The ultimate point of queer is a radical and uncompromising critique of the very notion of the natural, the obvious, and the taken-for-granted. The appeal to so-called “common sense” reinforces the hypostatization of the “natural” upon which homophobia relies and thus partakes of an ideological labor complicit with heterosexual supremacy (Edelman, 1994, p. xviii).
Of course, the very same appeal to so-called “common sense” is the foundation of another, even more insidious, form of “ideological labor,” that which hypostatizes a “natural” which takes for granted the slavery, torture, and murder of billions of other sentient beings.
The philosophically, politically, and ethically pertinent response to the ideological labor which founds heterosexual supremacy is “gender trouble,” the subversive proliferation of genders calling into question naturalized categories of identity and their patterning of possibilities and impossibilities. Analogously, the philosophically, politically, and ethically pertinent response to the ideological labor on which speciesism and humanormativity rest is “species trouble,” the mobilization of emotional, pragmatic, and political alternatives which are not contemplated by the hegemonic discourse on the relations between species with a view not only to fighting violence and oppression but to making violence and oppression unthinkable, by questioning their foundations in an obsolete and fraudulent model of interspecies relations. In this light, it is far from being a coincidence that, of the five epigraphs to the first chapter of Gender Trouble, which mark the intellectual genealogy of Butler’s enterprise, four are self-evidently relevant to its development into animal queer.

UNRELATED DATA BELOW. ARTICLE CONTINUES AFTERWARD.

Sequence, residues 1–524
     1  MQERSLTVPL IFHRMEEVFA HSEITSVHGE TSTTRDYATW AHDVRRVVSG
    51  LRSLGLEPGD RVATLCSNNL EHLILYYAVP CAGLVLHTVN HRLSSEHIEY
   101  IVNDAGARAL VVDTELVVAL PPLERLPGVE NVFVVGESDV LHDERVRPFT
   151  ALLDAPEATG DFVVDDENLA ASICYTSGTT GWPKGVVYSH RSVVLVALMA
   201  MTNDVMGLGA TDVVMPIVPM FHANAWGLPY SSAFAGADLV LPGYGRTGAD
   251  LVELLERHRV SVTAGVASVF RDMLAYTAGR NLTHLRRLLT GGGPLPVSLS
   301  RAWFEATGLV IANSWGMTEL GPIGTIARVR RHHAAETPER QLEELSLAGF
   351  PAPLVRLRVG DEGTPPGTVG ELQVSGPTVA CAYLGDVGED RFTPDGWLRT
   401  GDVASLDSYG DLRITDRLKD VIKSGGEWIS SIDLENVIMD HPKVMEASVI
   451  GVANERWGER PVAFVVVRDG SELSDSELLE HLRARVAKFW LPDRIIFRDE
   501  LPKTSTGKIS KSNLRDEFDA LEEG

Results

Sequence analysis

“One is not born a woman, but rather becomes one” (Beauvoir, 1947) points to the constructedness of our human identity through an ever-present and never acknowledged distancing and repression of our bond with animals.
“The deployment of sexuality […] established this notion of sex” (Michel Foucault) shows how the practices and performances through which we establish our relationship with nonhuman animals are the actual foundation of the human–animal divide.
“The category of sex is the political category that founds society as heterosexual” (Monique Wittig) unmasks the human–animal construct as the ontological, ethical, and political foundation of speciesism.